Monday, July 11, 2016

Point Reyes National Seashore: Laguna/Fire Lane/Coast Loop (Blog Hike #585)

Trails: Laguna, Fire Lane, and Coast Trails
Hike Location: Point Reyes National Seashore
Geographic Location: northwest of San Rafael, CA
Length: 5.1 miles
Difficulty: 5/10 (Moderate)
Last Hiked: June 2016
Overview: A scenery-filled loop featuring a Pacific Ocean beach.
Seashore Information:

Directions to the trailhead: North of the Golden Gate Bridge, take US 101 to Sir Francis Drake Boulevard (exit 450B).  Exit and go west on Sir Francis Drake Blvd.  Drive Sir Francis Drake Blvd. west 20.8 miles to SR 1 and turn right on SR 1.  Drive SR 1 north 0.1 miles to the seashore entrance (Bear Valley Road) on the left.  Turn left to enter the seashore, and drive Bear Valley Rd. 1.8 miles to Limantour Rd.  Turn left on Limantour Rd.  Drive Limantour Rd. 5.9 miles to the access road for the Education Center on the left.  Turn left and drive the access road 0.7 miles to the parking lot in front of the Education Center.

The hike: Located less than 30 miles from the Bay Area in geography but millions of miles away in ambiance, Point Reyes National Seashore protects 53,000 acres along the Pacific Ocean north of San Francisco.  The Coast Miwok Indians have lived on this land for millennia, and the national seashore land today contains a replica Miwok village that is still used for ceremonial purposes.  The national seashore was created in 1962 by an act of Congress signed by President Kennedy. 
            The drive to the trailhead passed several interesting sites.  The name Drake appears on the road you drove to Point Reyes and on the cove formed by Point Reyes because Sir Francis Drake’s journey around the world included a stop on these shores on June 17, 1579.  The seashore also features Drakes Beach and Drakes Cove in its assortment of Drake locations.  Sir Francis Drake Boulevard passes through Samuel P. Taylor State Park, which features some large redwood trees.  Finally, the section of SR 1 just outside the seashore runs through a stark valley that contains the famous earthquake-producing San Andreas Fault.  Thus, geologically speaking the national seashore is located on the Pacific plate, while most of the rest of California is located on the North American plate.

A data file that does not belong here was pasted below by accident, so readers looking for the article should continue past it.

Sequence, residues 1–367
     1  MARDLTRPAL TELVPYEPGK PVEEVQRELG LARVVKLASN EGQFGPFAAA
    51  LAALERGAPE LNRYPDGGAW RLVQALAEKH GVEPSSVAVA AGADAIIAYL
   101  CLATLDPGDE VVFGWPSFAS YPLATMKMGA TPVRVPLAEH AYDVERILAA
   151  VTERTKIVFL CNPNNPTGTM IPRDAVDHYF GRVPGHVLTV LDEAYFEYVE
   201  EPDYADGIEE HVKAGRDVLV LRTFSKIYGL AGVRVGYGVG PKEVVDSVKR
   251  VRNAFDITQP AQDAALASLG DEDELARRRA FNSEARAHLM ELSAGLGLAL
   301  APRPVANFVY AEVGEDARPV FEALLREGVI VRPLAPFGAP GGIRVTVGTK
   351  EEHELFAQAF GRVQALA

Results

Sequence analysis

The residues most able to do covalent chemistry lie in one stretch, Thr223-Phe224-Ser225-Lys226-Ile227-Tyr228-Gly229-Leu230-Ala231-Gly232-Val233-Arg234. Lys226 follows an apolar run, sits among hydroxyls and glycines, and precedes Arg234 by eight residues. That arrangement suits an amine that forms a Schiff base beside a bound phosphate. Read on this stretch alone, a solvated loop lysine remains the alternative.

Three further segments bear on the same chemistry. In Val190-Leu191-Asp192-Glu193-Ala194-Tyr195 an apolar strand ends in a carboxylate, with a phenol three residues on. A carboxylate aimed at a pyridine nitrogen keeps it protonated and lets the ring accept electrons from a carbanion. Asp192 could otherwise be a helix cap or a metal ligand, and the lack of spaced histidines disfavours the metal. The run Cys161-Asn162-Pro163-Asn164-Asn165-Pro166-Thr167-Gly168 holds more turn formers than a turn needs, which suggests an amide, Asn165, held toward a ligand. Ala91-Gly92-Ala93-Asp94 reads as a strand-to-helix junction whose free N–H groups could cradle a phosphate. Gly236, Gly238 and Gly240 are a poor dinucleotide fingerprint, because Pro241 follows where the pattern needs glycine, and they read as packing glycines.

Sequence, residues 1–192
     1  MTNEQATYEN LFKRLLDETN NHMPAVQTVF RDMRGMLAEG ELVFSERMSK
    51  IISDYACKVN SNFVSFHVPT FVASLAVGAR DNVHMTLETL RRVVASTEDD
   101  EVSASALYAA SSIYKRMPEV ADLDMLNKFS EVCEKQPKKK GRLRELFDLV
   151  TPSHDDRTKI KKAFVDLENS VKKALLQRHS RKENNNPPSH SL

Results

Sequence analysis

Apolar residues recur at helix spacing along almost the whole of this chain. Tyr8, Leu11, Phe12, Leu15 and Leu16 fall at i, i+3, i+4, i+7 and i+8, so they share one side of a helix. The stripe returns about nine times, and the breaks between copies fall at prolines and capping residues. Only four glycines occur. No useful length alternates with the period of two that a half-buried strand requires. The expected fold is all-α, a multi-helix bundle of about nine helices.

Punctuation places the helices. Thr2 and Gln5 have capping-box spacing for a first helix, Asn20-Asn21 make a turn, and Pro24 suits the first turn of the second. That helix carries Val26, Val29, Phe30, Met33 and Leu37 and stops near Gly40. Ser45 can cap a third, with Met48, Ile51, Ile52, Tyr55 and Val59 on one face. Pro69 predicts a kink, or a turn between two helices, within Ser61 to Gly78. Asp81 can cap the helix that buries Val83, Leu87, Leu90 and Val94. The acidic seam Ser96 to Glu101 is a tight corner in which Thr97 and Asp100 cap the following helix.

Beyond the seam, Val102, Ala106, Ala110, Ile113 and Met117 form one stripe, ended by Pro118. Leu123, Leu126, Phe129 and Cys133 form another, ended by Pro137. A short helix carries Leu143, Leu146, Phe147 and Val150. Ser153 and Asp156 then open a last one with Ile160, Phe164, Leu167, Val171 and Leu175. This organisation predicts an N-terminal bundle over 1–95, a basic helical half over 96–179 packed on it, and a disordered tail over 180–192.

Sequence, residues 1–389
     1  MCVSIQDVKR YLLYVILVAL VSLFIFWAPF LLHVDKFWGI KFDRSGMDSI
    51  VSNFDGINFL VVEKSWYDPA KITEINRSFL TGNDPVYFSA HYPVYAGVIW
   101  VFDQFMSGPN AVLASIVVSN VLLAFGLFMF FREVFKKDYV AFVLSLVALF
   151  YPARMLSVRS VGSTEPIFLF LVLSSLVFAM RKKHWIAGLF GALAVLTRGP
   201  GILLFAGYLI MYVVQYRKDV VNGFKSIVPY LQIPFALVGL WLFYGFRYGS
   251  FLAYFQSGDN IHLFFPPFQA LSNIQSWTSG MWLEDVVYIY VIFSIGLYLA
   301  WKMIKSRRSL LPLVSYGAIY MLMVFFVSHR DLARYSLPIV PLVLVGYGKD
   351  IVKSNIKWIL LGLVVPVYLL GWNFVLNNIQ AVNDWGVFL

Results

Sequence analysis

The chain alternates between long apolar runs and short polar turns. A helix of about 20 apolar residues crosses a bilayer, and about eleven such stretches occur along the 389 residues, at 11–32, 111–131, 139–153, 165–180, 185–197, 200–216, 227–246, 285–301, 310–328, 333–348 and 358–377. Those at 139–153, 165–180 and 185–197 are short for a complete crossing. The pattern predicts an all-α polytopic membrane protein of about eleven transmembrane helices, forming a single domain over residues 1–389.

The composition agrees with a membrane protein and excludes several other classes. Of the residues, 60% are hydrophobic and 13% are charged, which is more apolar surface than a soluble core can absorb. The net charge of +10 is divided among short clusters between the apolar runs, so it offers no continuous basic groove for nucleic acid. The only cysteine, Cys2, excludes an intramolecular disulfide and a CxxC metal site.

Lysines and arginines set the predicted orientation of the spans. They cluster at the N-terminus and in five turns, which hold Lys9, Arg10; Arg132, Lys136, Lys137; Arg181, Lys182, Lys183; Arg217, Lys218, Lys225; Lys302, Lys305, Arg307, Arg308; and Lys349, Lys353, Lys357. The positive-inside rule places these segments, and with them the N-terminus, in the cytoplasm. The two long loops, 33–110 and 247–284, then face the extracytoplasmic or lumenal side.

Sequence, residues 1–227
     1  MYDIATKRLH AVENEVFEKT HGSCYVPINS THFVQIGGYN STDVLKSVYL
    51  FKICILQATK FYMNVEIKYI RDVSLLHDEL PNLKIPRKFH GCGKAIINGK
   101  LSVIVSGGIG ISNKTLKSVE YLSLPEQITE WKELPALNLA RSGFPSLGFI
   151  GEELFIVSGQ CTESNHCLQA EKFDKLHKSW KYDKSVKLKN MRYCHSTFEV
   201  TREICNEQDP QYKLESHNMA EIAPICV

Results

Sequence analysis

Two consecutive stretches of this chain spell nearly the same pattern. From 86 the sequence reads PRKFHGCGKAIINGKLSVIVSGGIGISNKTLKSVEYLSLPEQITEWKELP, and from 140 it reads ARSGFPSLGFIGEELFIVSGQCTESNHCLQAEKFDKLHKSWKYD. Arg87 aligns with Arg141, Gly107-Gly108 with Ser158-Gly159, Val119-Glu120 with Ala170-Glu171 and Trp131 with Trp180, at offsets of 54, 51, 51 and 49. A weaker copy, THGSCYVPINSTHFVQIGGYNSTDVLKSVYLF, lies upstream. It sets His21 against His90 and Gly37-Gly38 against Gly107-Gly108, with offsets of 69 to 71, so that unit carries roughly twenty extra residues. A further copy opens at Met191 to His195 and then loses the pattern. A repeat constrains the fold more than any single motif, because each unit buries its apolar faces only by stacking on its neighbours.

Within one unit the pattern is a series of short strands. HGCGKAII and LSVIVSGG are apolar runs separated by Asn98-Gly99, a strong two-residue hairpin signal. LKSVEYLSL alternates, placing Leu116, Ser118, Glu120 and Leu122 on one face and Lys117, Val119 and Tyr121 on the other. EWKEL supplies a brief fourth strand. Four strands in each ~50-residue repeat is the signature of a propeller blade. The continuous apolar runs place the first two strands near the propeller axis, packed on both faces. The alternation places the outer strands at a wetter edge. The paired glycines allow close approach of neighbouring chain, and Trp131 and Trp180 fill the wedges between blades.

The seashore features three Visitor Centers and a few developed areas including historic Point Reyes Lighthouse, but most of the seashore is undeveloped, making the extensive system of hiking trails on this property a real California gold mine for hikers.  The number of routes through the trail system is almost unlimited, but the loop hike described here gives a nice sample of what the seashore has to offer.  The scenery along this route is fantastic, especially when the region’s famous dense fog burns off.  I must be fog cursed, because both of my visits to the California coast (this one in 2016 and my trip to Angel Island back in 2009) have featured view-choking fog.  Also, be prepared for the Bay Area’s microclimates: when I left my lodging in Sacramento it was 80 degrees and sunny, but when I arrived at Point Reyes less than 2 hours later it was 58 degrees, foggy, and windy.
Laguna Trailhead
            This loop starts on the Laguna Trail, which departs in two directions from the signed trailhead on the southeast side of the Education Center.  Choose the gravel trail that continues straight as opposed to the grass trail that goes left, thus hiking southbound on the Laguna Trail.  The trail heads up a narrow ravine that contains a shrubby meadow and a large cluster of California buckeye trees, which were in full bloom on my mid-June visit.  The grade starts very gradual but intensifies slightly as you climb up the ravine.  Overall, the trail gains just over 200 feet of elevation over the first 0.4 miles.  Wildflowers including phacelia and lupine line the trail.